Sunday, August 23, 2009

Silence is not an option!

These are the words that are resonating in my spirit today as I am worshipping the Lord. Truly silence is not an option now that we know that there are children being sold this very moment.

Silence is not an option, when we say God break our hearts with the things that break your heart and yet we guard our hearts from feeling the pain and suffering of those who are broken.

Silence is not an option when we ask God to see the things that He does and then we refuse to look into the darkness

Silence is not an option when we ask God to be more like Him and then we put conditions on how we will serve Him and what we will do for Him.

Silence is not an option when we ask God 'bless me' and yet we refuse to be a blessing to those who He brings into our sphere of influence

Silence is not an option, when we hear the cries of those who are suffering and we close our ears and tune out because it is too unbearable for us.

Thank you to many who have chosen to not remain silence. Who have chosen to speak by taking the first step of entering into the darkness, to face it head on in all its ugliness, to wrestle with their emotions and questions to God. As we raise our voices in unison, as we speak up on behalf of the oppressed, we discover that God is using the marginalized to enlarge our hearts, deepen our faith and teach us a whole new way of 'loving our neighbor.' Ministry as my pastor once said is not our gift to God, it is God's gift to us---in ministering to the poor, the broken, the voiceless and the oppressed, God deepens within each of us the gift of compassion, the gift of tenderness, the gift of solidarity, the gift of understanding, the gift of hope, the gift of strength, the gift of patience, the gift of endurance, the gift of faith and most importantly the gift of love which leads us to always trust, always persevere and never give up and not remain silent despite the overwhelming odds and obstacles.

1 comment:

  1. Lisa, your words here echo something I just read today, written by Pastor Michael Krause of Hills Community Church:

    What do you picture when you see a community conformed to the image of God? What does "Your Kingdom come, Your will be done" really look like to you?

    - more people becoming Christians?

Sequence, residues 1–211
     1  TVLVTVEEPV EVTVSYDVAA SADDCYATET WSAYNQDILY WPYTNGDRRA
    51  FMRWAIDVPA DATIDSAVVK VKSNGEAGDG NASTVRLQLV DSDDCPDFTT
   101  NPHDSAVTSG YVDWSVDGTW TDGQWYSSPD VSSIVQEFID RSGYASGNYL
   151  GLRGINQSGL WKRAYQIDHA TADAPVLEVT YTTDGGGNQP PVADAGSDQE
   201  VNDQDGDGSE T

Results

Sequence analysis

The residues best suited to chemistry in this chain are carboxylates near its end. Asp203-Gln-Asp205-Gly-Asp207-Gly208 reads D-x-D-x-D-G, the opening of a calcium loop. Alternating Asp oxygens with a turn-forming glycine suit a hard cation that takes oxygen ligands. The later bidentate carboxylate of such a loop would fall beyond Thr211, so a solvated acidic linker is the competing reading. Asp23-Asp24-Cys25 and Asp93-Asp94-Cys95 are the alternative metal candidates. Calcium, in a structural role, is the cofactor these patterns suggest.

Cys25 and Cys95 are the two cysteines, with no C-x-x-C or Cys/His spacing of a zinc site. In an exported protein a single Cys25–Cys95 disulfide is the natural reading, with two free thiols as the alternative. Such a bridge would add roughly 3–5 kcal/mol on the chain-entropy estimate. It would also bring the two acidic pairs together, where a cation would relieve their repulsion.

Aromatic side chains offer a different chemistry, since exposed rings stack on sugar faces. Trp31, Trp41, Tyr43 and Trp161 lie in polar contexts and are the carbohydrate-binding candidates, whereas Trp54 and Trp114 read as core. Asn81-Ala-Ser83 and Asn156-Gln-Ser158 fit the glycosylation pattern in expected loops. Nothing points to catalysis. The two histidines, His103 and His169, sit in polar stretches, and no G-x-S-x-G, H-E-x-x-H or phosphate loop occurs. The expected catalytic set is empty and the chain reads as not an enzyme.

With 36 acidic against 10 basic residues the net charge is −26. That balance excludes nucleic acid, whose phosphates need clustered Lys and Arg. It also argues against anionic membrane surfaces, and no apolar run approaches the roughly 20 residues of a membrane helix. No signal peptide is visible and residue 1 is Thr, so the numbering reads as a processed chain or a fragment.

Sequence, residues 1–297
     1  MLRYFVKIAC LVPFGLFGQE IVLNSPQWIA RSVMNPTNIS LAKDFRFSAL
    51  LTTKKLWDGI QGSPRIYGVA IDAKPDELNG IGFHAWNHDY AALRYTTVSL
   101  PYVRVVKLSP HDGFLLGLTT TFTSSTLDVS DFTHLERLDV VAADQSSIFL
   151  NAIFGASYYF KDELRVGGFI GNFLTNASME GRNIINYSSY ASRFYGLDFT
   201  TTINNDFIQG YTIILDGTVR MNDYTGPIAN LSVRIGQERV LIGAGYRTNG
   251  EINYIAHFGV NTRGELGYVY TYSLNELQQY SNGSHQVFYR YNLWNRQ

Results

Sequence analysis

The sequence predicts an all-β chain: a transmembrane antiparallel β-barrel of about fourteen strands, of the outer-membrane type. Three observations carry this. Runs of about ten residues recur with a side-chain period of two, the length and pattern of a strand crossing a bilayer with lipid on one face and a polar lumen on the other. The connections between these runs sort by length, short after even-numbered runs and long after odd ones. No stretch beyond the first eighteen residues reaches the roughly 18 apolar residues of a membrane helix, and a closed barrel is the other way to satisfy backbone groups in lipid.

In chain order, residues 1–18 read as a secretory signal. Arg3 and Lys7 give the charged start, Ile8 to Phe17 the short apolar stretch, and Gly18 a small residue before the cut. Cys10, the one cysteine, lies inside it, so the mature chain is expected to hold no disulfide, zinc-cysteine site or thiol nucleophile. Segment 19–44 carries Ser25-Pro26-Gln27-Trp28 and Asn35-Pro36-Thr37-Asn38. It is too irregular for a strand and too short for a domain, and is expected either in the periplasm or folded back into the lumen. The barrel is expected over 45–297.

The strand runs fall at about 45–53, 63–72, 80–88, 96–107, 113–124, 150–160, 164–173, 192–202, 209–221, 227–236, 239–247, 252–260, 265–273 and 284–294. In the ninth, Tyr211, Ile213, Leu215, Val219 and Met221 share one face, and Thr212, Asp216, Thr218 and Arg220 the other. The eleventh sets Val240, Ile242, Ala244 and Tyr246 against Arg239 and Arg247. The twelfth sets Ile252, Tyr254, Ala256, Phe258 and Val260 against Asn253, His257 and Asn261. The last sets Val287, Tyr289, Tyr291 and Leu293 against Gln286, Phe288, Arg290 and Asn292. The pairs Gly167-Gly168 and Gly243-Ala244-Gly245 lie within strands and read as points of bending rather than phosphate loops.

- an increased level of holiness (being set apart for God's purposes), more right living and moral behaviour?
    - better government with wise and moral politicians?
    - less crime, less strife, less greed, less injustice, less poverty and less homelessness?
    - more churches (healthier and more numerous)?

    The answers to our prayers and the transformation of our communities are often seen as something that happens outside of ourselves. My community is transformed - but somehow I will still be the same.

    This dangerous thinking assumes a number of things:
    1. I am perfect (or have arrived) and don't need changing.
    2. Other people need to change, not me.
    3. I am content in my current situation (even sin and/or complacency).
    4. God will change the thing I'm praying for without working the change through me and my heart.
    5. I am uninvolved in the process of changing my community/world except to pray for it.

    If we are unwilling to get involved, we become unable to participate in the change that God has in mind. Jesus warns us with these words in Matthew 21:43: "Therefore I tell you that the kingdom of God will be taken away from you and given to a people who will produce its fruit." I have come to realize that if God is to change my community, he has to change me - my actions, my assumptions, my comfort levels, my group of friends, my job, my church life, my prayer life.

    Transformation and revival is exceedingly inconvenient. If the gospel is true, it changes everything. God wants transformation to happen. The real question is: do you and I want it too? What are you and I willing to do to get there? What needs to change in us?

    [Back to LR now]: And I was thinking today about Saul on the road to Damascus, of how he was an enemy of Christ, met Him on the road, was literally knocked off his feet by the Lord's power, and made a complete turnaround. And I was asking the Lord why He doesn't do that to other people who are in this world as His enemies (like the traffickers of innocent children, like those who provide the "demand" for this evil business). And the Lord brought to mind Saul's circumstances - that Jesus didn't just appear to Saul in a vacuum; that Saul had seen Stephen, heard his words of testimony, grace and forgiveness; Saul had interacted with a number of believers as he went from house to house dragging men and women off to prison and would have seen their strong faith and their demeanor; that Saul was aware that the scattered believers were not intimidated but were still preaching the gospel wherever they went (else he would not have gone to the high priest for letters). In other words, Saul had much contact with ordinary believers (like us) before he met Jesus on the road to Damascus. Is it possible that the Lord was using all those ordinary believers to work on Saul's spirit and prepare his heart for his meeting with Jesus? And is it possible that the Lord is using us, for whom silence is no longer an option, who are willing to be extremely inconvenienced and changed in His service, for a similar end?